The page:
Dan started with 5 original designs which were:

 The curved cord truss which is the # 111 now.

 

 
 

 

Curved cord truss # 111     

  The flat top thru truss currently the #109.

Flat top thru truss #109

The reversible 3’ deck or thru girder # 113. 

Reversible deck or thru girder #113

 The reversible 3‘ deck or thru truss #106.

 Reversible deck or thru truss #106

The curved open thru truss # 107.

Curved open thru truss # 107

The #106 and #113 were made reversible so that if people weren’t sure what to use in the area that they wanted to have the bridge in, they would have the option to use it as a deck or thru bridge. It also helped expand the bridge line by having two bridges in one.  

Soon after that, but before he made a brochure and to give customers a better variety, Dan also created the 4’6 and 8’ arched deck truss which are now the #101 and #102;  the straight or curved deck girder along with the deck truss which are the #103 and the # 104 (which made it necessary to create 4 legged and 2 legged steel piers); and finally the 5’ trestle with 18” deck girder, which is great for rivers or washes that are more shallow..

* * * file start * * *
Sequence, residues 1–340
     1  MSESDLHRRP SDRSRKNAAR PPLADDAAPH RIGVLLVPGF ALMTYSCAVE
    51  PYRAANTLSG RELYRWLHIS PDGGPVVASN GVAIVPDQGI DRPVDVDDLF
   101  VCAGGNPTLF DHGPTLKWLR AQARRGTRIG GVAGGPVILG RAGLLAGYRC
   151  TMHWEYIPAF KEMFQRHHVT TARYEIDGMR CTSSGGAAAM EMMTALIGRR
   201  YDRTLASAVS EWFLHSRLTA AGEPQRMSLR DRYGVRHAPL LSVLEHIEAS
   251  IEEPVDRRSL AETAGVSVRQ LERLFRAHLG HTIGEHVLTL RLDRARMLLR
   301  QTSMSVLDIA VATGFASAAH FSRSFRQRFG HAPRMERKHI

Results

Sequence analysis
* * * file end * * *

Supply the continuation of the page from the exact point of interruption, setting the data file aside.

Arched Deck Truss #101

Arched deck truss # 101                   

             Arched Deck Truss #102 

Arched deck truss #102

    90 Degree Curved Girder # 103

90 Degree Curved Girder with piers

                   Deck Truss # 104 

Deck Truss #104                  

After the first designs, and as more people learned about Dan’s bridges, customers would make suggestions and would also request different bridges to be built. One of those were the #109 which several persons wanted to have it more sturdy so it was built with I – beams;  and upgraded the steel which created the #110 Flat top thru truss with  I- beam construction.  Both of these designs are still available. The same I – beam concept was used for the #111, which became the standard way to build it. This bridge has also been built up to 16’ long and 4 tracks wide.